At today's panel, Putting the Social Back in CSR (CSR = corporate social responsibility) at the Paley Center for Media, Jamie Daves, executive director of Think Social, began the discussion by reminding the audience (and panelists) of social media's potential. Characterizing it as both dangerous and powerful, he drew upon examples where revolutions in communication methods had profound impact on the world at large (e.g., the printing press and the proliferation of the Gutenberg Bible). Panelists included Deb Berman, managing director of JustMeans, Bonin Bough, the global director of digital and social media at PepsiCo, Virginia Miracle (not "the" Virginia Miracle, but very close), senior vice president of digital strategy at Ogilvy, and Chrysi Philalithes, Red Campaign's director of digital strategy and marketing. Today's panel was meant to encourage people to think about the relevance of social media strategies to corporate social responsibility initiatives. A quick poll of the audience at the beginning revealed that while many people would like to make purchases from companies whose values were aligned with their own, too often a lack of information, convenience, and awareness prevented them from doing so. Historically, CSR initiatives were at the whim of the corporation—as a consumer, you had to believe that the corporation was doing what they said they were doing. However, as discussed by the panelists, the intersection of social media and CSR initiativcs increases transparency. People have endless ways to talk about their lives and consequently the impact of these initiatives can no longer be smothered if the result is negative. Social media places power in the hands of the individual. If CSR initiatives fail to meet their goals, the backlash will be manifest in the brand's reputation. As Deb Berman pointed out, you don't need a press release if everyone is talking about you—but this can work both ways.
While much of the remaining conversation focused on measuring ROI and clicks and other such quantitative program measures, PepsiCo's Bough struck a chord by commenting on the need for establishing social relevance with any campaign. After all, the best measurement of success for a CSR initiative would from the individuals impacted by such a push. I met up with Bough momentarily after the talk to get his perspective on qualitative measures for social relevance. Bough emphasized the important of bidirectional dialogue in the social graph—essentially, to determine the progress of an initiative and mark the realization social relevance, Bough noted that you have to track the conversation. This means that no longer can corporations simply push out media and promotions, they have to take stock of the feedback and the conversations happening around their initiatives. I was particularly struck by Bough's assertion that when the conversation changes, you know the direction of your initiative and you know what your next steps should be. This kind of direction mandates that all participants must be active both in producing and consuming information, and ultimately shaping CSR plans.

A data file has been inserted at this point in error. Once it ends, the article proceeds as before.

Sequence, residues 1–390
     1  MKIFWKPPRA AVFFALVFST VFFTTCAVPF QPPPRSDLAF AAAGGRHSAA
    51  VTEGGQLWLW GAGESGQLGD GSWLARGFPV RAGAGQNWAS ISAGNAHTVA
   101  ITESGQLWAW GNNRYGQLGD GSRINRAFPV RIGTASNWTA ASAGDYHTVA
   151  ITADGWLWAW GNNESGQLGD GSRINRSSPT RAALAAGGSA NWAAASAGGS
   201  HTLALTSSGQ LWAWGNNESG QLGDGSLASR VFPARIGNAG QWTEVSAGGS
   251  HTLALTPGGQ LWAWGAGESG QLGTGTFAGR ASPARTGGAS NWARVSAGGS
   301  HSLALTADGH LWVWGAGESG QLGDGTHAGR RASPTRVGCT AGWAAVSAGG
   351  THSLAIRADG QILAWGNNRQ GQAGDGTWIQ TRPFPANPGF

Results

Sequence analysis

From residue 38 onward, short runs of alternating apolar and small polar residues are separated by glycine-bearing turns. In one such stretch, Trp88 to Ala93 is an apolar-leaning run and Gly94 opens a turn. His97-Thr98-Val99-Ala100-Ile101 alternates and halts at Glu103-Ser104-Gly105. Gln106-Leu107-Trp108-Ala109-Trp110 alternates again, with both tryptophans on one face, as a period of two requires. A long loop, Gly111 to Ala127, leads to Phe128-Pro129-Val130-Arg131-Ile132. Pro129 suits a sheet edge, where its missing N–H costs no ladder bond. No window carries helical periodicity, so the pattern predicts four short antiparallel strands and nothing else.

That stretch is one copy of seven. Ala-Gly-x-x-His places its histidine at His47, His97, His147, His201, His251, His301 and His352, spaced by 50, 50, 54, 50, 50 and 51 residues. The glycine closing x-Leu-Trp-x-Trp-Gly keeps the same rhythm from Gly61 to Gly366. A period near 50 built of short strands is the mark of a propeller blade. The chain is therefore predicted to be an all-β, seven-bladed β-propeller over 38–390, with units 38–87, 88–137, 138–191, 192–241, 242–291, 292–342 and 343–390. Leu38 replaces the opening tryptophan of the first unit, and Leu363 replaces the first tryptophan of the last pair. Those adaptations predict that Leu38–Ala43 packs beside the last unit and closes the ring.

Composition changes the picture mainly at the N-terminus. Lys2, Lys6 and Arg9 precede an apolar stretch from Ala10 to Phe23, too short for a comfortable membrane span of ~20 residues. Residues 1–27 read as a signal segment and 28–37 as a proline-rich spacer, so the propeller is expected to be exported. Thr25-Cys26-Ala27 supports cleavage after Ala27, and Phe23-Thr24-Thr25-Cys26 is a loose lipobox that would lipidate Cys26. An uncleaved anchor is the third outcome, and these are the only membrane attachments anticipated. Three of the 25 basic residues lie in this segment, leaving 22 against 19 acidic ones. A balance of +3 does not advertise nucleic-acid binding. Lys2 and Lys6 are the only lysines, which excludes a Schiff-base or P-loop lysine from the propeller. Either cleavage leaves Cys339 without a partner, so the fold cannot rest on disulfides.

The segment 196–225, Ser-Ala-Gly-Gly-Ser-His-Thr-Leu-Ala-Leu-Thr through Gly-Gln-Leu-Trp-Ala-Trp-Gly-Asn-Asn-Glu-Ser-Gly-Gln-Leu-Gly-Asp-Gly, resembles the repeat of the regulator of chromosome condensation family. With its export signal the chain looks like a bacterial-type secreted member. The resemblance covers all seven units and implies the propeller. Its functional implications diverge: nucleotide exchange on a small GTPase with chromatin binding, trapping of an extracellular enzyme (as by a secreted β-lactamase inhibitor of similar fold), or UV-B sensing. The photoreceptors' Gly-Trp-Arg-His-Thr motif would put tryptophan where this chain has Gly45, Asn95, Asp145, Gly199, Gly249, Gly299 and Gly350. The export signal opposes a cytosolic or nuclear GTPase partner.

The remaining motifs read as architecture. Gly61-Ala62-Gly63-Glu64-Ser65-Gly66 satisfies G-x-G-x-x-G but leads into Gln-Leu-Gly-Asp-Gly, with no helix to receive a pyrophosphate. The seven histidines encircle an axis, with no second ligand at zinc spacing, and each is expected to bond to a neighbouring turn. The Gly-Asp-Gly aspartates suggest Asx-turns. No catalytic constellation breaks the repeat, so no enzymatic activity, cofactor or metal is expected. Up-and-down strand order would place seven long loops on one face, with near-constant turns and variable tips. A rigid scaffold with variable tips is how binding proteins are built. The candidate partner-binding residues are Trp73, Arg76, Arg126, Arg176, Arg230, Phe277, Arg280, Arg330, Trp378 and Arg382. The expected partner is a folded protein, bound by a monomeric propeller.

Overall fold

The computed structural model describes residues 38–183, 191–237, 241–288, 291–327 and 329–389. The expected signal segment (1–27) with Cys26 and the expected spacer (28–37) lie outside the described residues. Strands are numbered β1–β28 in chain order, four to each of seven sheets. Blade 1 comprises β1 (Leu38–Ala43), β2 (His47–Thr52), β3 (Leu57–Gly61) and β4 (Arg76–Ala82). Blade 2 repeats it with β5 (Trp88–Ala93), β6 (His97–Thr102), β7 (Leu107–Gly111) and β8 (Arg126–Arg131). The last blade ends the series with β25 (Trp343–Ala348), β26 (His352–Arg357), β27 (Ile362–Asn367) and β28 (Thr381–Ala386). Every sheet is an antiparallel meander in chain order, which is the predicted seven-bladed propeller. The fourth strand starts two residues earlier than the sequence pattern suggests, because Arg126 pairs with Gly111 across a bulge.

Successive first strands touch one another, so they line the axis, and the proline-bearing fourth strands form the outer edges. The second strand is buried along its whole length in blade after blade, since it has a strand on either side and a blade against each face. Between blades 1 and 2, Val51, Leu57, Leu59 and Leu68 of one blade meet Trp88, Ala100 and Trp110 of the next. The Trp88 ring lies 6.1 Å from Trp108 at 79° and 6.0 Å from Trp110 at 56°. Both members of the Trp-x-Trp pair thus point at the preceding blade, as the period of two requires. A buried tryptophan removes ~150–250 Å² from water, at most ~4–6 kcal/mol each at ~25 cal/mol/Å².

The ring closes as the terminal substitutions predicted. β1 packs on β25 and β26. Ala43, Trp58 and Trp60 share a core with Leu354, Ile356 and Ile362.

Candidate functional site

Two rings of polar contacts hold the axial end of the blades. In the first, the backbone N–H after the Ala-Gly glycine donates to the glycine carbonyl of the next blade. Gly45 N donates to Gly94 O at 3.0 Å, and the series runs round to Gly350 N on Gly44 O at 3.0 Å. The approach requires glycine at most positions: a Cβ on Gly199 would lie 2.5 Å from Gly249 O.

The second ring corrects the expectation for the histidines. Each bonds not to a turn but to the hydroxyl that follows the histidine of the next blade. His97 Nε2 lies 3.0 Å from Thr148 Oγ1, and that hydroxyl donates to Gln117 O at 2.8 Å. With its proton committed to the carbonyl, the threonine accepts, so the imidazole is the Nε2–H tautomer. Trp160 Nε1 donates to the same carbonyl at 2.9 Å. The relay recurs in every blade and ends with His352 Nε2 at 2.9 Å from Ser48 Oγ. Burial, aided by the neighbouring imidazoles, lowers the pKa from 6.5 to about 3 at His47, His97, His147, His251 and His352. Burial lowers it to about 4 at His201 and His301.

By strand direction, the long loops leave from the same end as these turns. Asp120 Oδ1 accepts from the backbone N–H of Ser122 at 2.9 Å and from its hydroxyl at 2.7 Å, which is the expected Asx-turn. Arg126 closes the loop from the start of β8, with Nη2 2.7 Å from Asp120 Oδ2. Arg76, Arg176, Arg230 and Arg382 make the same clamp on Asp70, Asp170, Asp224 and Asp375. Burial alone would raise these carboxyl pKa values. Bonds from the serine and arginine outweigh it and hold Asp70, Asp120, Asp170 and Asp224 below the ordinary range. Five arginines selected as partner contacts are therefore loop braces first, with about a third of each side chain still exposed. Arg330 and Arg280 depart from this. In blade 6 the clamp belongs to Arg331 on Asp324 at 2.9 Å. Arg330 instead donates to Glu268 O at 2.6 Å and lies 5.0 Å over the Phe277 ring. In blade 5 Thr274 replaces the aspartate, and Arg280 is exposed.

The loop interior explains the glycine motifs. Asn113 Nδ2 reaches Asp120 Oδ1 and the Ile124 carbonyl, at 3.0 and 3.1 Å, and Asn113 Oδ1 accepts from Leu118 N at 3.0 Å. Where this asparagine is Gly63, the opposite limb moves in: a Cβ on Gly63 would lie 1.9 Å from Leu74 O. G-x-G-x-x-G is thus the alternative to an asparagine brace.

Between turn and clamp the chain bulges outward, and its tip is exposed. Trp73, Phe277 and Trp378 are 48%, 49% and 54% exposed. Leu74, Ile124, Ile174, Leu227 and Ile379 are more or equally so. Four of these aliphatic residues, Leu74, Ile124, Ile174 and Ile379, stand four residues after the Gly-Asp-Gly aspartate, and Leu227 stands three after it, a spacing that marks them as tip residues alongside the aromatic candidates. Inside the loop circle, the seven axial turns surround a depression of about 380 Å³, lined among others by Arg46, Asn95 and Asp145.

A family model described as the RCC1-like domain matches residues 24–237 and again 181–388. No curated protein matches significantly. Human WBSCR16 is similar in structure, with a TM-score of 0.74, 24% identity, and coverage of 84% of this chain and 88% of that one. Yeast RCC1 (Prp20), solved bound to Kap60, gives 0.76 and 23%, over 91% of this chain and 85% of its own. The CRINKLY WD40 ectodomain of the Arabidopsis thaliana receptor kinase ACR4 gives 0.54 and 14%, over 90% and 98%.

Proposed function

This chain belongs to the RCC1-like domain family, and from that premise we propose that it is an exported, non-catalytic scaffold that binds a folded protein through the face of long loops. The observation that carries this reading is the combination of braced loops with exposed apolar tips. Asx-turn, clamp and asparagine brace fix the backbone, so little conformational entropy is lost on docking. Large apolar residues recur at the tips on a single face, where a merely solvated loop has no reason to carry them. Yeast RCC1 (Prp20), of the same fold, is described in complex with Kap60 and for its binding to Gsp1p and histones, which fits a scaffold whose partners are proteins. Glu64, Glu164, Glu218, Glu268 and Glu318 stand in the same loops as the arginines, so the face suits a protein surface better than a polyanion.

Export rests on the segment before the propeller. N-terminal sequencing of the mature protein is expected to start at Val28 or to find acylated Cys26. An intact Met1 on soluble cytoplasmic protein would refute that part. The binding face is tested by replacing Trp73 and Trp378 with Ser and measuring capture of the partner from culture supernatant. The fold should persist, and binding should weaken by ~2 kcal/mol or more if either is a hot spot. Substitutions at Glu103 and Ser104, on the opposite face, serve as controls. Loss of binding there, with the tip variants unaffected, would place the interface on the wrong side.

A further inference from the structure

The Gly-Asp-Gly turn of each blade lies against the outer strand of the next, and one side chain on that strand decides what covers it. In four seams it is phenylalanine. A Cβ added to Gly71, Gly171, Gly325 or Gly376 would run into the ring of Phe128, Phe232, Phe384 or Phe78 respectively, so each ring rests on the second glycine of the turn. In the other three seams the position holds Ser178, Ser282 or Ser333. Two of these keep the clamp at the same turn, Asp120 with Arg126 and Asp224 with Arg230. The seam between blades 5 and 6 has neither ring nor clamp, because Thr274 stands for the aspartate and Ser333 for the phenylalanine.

I want to take a moment to address a question that the audience seemed a bit hesitant to discuss: Daves asked whether we thought that social media had relevance for individuals in third world and developing countries. Only one person made the assertion that we should not underestimate the social media tendencies of our international neighbors, pointing out that information from Haiti in the immediate aftermath of the earthquake came from private citizens using Twitter and uploading photos taken from their phones. The truth is that the larger public has very limited understanding of how social media is mobilized in these settings, overlooking that it is an important means of inexpensive but effective communication. Twitter, Facebook, and blogs are used by immigrants to retain ties to family and friends still residing in native homelands. Similarly, these media can be sources of information pertaining to the outside world—consider for example, China's lock down of social media in an event to control the input and output of information to and by its citizens about the state. Social media is mobile media, and most social media applications are in fact accessible on cell phones. A year ago, the UN reported that globally 6 in 10 people have a cell phone; that there were 4.1 billion subscriptions worldwide. And this is particularly true for poorer countries where mobile technology has become readily accessible thanks to prepaid plans:
Prepaid phones and SIM cards are a key reason mobile subscriber levels are growing so rapidly in emerging regions. In the traditional postpaid market, the registration of demand called for a commitment to subscribe to a mobile service for one or two years — in other words, it involved a mobile phone purchase (subsidized or not, depending on the market), 12 or 24 monthly service obligations, usage charges, and a service connection fee (sometimes waived), not to mention a credit check. The introduction of prepaid responded to — and further stimulated — the market for occasional or variable demand. It allowed adoption of mobile phones by users with variable usage needs and variable means to pay for access to the mobile network (Kalba 2008).
"Variable means to pay for access" is important: phone sharing and bartering for minutes and access is commonplace. We cannot overlook the reach of social media. I'm interested in your thoughts on social media and the developing world. Talk to me below.